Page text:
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Original Work! 

Political Meditations
Current events

[W r i t e r' s N o t e b o o k]

He was saying, "I am proud at this point to be relatively devoid of a jungle of facts and superfluities." We were talking about personal development while standing on the sidewalk of an outdoor cafe, along that broad thoroughfare known as Shattuck Avenue. "A lot of my reading was an initiation into a particular freedom to view the world with many senses. We inherit the intellect as a god and we who water at its oasis find myths to satisfy its greed. Pleasures? They are painful memories and I have been cleansed of them, if I may allow myself a Puritan moment."

He was not a writer I knew well but he would use phrases such as, "putrid air," to describe his life in academia.

Academia had not been on my mind for quite awhile. There were many rogues in this part of the territory and they were caught up in some blinding amnesia. It was the kind of suffering that possessed the body in revenge of its general neglect. Several days before I had been walking down Telegraph Avenue. I was walking behind a professor who was carrying his briefcase and looking rather abstracted. He was suddenly accosted by three or four of these rogues and give a bad time.

"You want money? Is that it?" He kept asking and the rogues cackled and yelled obscenities at him, bumping into him and trying to start something. I was in the middle of remembering a scene from a novel when the little street fracas broke up and the rogues went off, leaving the professor looking straight ahead of him as though nothing had happened.

Then again, appearances can be deceiving. Later that day while down on Shattuck, I had waited for a bus and an old man, wrapped in blankets came up. He was wearing one of those hats that appear all the time in Bosch and as he came closer I saw that he was really a younger man whose hair had turned prematurely white. He was carrying two packages with his belongings in them. One of the packages was from a fashionable store. He wiped off the bench before he sat and then, suddenly, bolted up and helped a blind man find his bus. Everyone had ignored the blind man but this fellow.

And I thought at that moment, when one doesn't pursue a strictly academic career, all kinds of interesting possibilities open up. One enters nooks and crannies one couldn't imagine existed. Hope and faith re-enter the picture. Pretensions snake out of one. Propitious connections are made with flesh and blood. Often the connections were not sustained because there were no rituals that permitted it, but, the imagination got fired up by the courageous attempts to live out the heroic; live out the hero in oneself in whatever form.

* * * * * * * *

Here's a phenomenon that always fascinated me. Why is a poem of only a few lines more fulfilling than a novel of 500 pages? If you unlock that puzzle you will become a better writer. And not every poem and not every 500-page novel fits the bill. One of the great problems for the novel is that it began as a way to instruct people in what they should do and what they needed to know. It still carries that burden in some quarters but it is useless against the modern world of specialization and video transmission of how people live. In this case, the well-executed image on TV is worth the 500-page novel; another reason why poetry will come into greater focus in this new era.

Do I trust any novelist to tell me anything? No, because in this free society I want to find out myself. That is one of the great tensions in America life; the desire to live and find out for oneself. There is then the moronic desire to impose our experience and knowledge on everyone around us.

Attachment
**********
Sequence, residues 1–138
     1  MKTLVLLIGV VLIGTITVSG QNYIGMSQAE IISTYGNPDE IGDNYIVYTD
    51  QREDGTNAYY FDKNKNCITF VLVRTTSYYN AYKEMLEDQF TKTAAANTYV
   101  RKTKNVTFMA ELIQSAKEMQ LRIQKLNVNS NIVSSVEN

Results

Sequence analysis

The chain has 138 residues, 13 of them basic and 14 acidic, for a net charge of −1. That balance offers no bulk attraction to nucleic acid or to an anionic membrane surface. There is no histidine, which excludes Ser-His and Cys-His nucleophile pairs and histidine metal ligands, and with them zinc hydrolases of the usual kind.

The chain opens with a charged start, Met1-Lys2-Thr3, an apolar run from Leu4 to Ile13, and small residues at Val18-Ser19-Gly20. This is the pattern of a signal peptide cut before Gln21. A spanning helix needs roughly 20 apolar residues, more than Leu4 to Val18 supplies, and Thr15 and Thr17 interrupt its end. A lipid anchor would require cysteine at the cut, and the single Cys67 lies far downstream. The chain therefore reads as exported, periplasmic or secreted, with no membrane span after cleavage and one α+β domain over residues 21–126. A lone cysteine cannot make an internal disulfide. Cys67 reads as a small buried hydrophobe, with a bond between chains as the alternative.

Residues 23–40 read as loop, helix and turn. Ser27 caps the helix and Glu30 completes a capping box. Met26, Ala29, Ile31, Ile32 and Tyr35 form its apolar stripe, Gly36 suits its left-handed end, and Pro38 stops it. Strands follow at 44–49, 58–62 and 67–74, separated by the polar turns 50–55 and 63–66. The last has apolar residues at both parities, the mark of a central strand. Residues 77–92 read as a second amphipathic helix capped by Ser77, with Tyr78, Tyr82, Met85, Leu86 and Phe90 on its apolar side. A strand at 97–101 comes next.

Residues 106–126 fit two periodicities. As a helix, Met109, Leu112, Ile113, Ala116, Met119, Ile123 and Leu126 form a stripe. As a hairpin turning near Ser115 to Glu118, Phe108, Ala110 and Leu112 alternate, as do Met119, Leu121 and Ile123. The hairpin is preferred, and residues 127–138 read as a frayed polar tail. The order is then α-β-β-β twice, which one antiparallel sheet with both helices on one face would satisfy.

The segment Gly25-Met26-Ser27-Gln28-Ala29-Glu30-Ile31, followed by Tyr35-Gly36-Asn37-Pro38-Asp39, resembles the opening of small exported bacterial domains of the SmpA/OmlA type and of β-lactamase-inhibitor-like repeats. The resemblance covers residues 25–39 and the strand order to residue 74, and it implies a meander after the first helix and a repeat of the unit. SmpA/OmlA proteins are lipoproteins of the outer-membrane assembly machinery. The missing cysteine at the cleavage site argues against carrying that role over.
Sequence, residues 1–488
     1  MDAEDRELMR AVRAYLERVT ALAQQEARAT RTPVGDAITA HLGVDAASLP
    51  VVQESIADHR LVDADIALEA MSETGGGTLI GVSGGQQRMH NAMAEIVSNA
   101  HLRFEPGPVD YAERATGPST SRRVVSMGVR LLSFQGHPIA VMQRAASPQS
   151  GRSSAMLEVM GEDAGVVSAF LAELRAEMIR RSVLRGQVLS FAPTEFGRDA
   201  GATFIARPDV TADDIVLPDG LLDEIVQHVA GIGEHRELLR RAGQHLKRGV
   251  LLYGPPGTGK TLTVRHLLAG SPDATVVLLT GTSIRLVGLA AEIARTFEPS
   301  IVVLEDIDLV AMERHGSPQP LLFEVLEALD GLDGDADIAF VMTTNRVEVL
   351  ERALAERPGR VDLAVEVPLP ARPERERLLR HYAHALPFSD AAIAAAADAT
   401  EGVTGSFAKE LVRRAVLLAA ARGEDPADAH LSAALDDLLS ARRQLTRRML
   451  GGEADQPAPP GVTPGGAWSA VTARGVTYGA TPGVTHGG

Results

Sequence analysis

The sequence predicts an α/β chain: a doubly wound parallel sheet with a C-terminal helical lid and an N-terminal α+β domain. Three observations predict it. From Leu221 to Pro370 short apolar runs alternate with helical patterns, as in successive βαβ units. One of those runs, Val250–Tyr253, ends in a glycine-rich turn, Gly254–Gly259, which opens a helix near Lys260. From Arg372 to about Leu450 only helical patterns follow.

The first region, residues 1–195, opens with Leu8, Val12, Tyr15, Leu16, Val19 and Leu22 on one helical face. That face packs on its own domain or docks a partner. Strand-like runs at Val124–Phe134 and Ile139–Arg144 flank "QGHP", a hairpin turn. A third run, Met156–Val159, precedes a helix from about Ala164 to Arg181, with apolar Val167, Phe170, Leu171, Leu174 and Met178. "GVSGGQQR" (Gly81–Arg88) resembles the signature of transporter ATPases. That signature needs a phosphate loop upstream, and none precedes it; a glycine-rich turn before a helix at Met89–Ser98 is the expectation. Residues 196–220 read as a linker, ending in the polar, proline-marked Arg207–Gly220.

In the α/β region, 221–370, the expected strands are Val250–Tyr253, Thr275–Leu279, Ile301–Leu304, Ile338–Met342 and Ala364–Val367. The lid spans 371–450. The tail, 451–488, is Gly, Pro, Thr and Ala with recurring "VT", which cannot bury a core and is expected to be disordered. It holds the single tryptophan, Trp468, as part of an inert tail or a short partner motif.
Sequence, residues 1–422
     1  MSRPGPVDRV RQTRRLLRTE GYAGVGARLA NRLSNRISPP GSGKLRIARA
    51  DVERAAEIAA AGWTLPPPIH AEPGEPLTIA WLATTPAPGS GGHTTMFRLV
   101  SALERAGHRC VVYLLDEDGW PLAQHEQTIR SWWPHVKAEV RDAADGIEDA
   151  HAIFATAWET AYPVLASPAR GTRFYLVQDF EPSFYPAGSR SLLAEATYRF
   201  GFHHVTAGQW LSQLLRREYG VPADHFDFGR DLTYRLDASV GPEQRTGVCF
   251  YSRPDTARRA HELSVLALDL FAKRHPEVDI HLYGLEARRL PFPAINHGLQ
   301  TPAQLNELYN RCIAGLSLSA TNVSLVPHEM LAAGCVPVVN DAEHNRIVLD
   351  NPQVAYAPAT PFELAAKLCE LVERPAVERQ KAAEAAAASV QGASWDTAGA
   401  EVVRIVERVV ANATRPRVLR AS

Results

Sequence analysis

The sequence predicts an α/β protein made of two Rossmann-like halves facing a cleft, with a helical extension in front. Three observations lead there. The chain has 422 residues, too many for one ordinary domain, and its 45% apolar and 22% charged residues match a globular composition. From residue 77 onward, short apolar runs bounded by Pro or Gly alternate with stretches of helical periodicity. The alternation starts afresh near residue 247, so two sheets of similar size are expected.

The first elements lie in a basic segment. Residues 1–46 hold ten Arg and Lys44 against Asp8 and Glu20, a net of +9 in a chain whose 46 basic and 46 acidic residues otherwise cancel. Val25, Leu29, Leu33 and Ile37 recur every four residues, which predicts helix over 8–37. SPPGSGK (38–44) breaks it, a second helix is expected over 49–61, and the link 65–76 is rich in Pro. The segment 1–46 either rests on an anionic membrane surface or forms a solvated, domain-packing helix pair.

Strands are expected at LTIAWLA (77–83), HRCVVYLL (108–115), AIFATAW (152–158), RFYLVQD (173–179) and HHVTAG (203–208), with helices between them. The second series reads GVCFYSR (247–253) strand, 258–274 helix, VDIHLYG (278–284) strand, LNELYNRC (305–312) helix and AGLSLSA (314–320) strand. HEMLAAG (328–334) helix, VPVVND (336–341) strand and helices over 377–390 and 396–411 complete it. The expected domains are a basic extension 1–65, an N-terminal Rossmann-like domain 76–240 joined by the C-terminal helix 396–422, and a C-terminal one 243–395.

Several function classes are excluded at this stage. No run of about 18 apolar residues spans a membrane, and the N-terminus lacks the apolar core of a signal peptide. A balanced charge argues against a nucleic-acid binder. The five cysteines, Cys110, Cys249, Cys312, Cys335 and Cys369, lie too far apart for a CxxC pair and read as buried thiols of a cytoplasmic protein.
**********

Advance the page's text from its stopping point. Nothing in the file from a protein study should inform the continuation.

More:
The best novels are full of outlines and mystery; full of art. But who teaches art? Who embraces it? Certainly not the ones writing novels these days who listen to the propaganda served up by their professors. Then these writers go out and embarrass themselves by writing novels. Aren't they concerned how far the novel has fallen from its past? The novelists today can't be taken seriously if they can't even recognize the death of this form. But, it's been said over and over and, afterall, an audience does exist.

Politics certainly ruins art; it always has. If the political class changes every four years or so why doesn't the political atmosphere of the university? The political attitude of the university is like the old king or queen that lingered on for 40 years even when they were getting senile and sick. Why is this?


Anything that crosses the mind is either a flash impression or a resource which must be handled with some care.

The flash impression has to do with that which other people want you to know but which you have absolutely no interest in and which, all told, doesn't help in any endeavor in which you are engaged in.

The resource enters a category of interest.

The highest form of communication carries the most potent information and is communicated to one of several nodes; intellect, feeling, intuitive, sense

Resource is perspective.

To a man standing on the moon the fact that a gigantic resource such as New York City exists is irrelevant. It is, as a matter of fact, a small irritation perhaps and a small matter that he laughs about when he is surrounded by infinity. To someone crossing Times Square at 2 in the afternoon, New York City is as complex as the universe.

Silence, ironically, is a resource since it introduces the absence of resource. What seemed full before is now seen as empty. The human being is surrounded by what preceded him and what will follow him and so, eternity, from which the religious masters speak.

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David Eide
© 2002 David Eide. All rights reserved.